I certainly have no ill intent, and am a little disappointed that an
idea can not be addressed in a proper way, that being to simply
explain the inherent problems. No need for hostility or acrimony.|
That said, John has a valid point (if he showed up on my legal lists that I am a member of and started giving legal advice perhaps the reaction would be the same, though I'd like to think we, even as attorneys believe it or not, might be a little kinder) and the "theories" (or rampant speculations John may suggest) and explanations thereof really should be left to those with adequate scientific background to handle them, and I therefore overstepped my bounds to an extent.
That said, I do have two questions:
1. If it is true that "This is the distinctive core of the quantum concept of time: Other times are just special cases of other universes" (Deutsch, FOR, p.278), in the multiverse context, how can time be thought of as anything other than an area map of the multiverse?;
2. Does it really matter if the cube is really a rectangle? Regardless of the size of the "time area," (and it's proportionality to the "real" spatial dimensions) you would still have to divide it by the length of the world line, eliminating the volume.
As I said before, this is speculative. But hopefully someone will be willing to point out the error of my ways, which I am sure would help more than just myself understand all of this a little better.
Russell Standish wrote:
John, you make out like Danny is trying to "Sokal" out this list. I don't think that is the case. His use of terminology is very muddled - he is a lawyer, remember, and lawyers use language in a different way to the rest of us.I was trying to see if he had the germ of an idea here, that properly expressed might provide an interesting insight. Alas I haven't been successful so far... Cheers On Sun, Apr 24, 2005 at 10:56:43AM -0400, John M wrote:Danny, (I think) I made the mistake to read your post below. Did you compose it from the habitual vocabulary of physics-related sciences to construct a gobbledygook that sounds VERY scientific? I enjoyed it as abstract paintings. Don't look for sense in those either. I figured you may have an identification for 'time' to image it as geometrical. I heard about one relationship netween (physical) space and (physical) time it is called (physical) motion. You wrote: [DM]: "It would be like drawing a square and asking why height is proportional to length. The relationship is necessary. " Same with your "cube(???)" and the time expressed as area. Or whatever. I post these remarks only to make listmembers (whom I honor no end) to think twice before spending their time and braingrease to work into it and - maybe - getting a Nobel prize (ha ha). If there is something logical, understandable, followable, in your position, I would be happy to learn about it. John Mikes ----- Original Message ----- From: "danny mayes" <[EMAIL PROTECTED]> To: "Russell Standish" <[EMAIL PROTECTED]> Cc: <[EMAIL PROTECTED]>; "everything list" <firstname.lastname@example.org> Sent: Sunday, April 24, 2005 1:42 AM Subject: Re: follow-up on Holographic principle and MWIRussell Standish wrote:What I was asking is why you think "time-area" should be proportional to length. I can't see any reasoning as to what it should be proportional to.Russell, Thanks for your interest in this. I did not make this any easier by bungling the initial concept a little in my first post. To directly answer your question, I am assuming space-time is a single entity, with time representing the spatial area of the multiverse. Therefore, the question you pose really wouldn't make sense. It would be like drawing a square and asking why height is proportional to length. The relationship is necessary. Going back to all of our multiverse stacks with the cube on it, all these stacks would equal the time-area. This is the "depth" of the cube in the multiverse, that would allow the cube to store 10^300 bits of information. The time area equals the cube in it's totality in the multiverse. So why, in our universe, can we only store information equal to the surface area? Well we know we don't have access to the whole cube, because we are not in all of the universes that this cube exists in. So we have to divide the cube by something to represent the fact that we are only on one stack. The proper divisor would be the length of the cube, because we are existing on a time-line. The information that can be stored is limited to a single set of outcomes- a line along the plane of the time area (a stack of pictures). This leaves us with the Holographic principle. Please note this is an interesting concept (to me) I am proposing because the geometry of it makes sense when I picture it mentally. You or others much smarter than I will have to explain why this works or doesn't work mathematically in QM or TOR. Colin Bruce suggests in his book that the cube volume contains multiverse information (as a speculative ending to his book), and when I started thinking about it I realized if you take the "multiverse block" concept seriously, and consider time a spatial dimension through the multiverse, a cube of space would only provide a full content of information before it was seperated out into all of the individual outcomes as it moved through time (or how about "multiverse space"?). A cube of space really does hold it's volume in information. But we have to divide by time. Particularly, the length of the time plane because the rest of the time area has been lost to the other outcomes/universes/stacks (or whatever allows you to conceptualize it the best). This is speculative (obviously). I'd like to hear some feedback, as this explains a lot (to me anyway) if the concept is right. Danny Mayes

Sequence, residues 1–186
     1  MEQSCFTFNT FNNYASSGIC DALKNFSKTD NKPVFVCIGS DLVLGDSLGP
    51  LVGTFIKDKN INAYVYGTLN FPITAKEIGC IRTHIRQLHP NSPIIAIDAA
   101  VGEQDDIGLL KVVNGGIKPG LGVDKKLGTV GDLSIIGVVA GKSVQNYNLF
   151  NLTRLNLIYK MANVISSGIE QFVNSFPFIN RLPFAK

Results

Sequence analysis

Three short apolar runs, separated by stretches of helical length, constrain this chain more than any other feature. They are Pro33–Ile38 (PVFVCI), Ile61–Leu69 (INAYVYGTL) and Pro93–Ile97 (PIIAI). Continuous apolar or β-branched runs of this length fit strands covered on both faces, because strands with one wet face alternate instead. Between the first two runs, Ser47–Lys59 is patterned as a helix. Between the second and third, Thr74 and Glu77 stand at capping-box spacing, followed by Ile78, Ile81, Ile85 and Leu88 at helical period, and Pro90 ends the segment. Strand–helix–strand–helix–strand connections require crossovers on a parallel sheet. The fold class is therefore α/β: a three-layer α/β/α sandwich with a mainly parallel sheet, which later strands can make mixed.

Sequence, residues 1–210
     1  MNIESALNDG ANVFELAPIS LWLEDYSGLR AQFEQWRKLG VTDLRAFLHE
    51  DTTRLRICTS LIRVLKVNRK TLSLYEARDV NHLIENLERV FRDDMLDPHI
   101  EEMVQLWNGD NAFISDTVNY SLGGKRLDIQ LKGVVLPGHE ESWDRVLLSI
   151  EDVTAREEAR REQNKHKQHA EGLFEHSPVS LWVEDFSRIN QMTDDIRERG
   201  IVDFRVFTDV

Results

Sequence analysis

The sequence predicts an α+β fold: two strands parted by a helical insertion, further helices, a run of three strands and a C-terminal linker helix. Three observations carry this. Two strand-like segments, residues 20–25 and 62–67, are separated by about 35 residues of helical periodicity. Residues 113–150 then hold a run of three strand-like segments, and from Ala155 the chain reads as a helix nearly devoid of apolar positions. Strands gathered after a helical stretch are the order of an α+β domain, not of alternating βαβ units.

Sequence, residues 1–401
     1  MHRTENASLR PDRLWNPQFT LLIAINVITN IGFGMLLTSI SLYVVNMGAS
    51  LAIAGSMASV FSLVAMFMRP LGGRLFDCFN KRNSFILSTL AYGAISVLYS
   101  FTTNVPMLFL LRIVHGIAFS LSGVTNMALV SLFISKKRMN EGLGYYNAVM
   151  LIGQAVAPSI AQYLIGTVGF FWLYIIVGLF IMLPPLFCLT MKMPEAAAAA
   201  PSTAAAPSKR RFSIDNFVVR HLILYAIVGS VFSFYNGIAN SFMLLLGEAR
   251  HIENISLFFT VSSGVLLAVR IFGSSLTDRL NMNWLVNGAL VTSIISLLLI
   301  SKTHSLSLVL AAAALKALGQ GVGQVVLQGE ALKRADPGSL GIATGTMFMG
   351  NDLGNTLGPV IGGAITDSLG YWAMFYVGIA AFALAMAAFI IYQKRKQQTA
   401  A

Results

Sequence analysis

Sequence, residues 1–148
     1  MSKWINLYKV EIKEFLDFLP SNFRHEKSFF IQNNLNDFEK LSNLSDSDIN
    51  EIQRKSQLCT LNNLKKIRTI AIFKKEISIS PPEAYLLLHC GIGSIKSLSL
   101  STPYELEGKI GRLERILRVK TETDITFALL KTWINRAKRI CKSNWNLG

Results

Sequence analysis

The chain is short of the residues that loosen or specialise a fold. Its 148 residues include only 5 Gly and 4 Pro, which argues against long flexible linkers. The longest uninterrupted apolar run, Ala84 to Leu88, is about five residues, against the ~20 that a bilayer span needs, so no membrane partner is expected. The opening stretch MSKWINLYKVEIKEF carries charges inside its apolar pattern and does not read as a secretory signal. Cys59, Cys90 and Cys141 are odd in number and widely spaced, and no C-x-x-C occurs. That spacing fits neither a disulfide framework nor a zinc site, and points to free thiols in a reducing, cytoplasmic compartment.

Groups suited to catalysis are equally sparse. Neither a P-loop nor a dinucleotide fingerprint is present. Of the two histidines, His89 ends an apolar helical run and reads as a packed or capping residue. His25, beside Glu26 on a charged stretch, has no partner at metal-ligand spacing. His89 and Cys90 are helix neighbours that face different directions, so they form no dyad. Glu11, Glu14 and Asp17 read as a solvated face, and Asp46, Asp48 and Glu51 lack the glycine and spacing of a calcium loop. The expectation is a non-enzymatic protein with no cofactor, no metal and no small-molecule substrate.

- Re: follow-up on Holographic principle and MWI danny mayes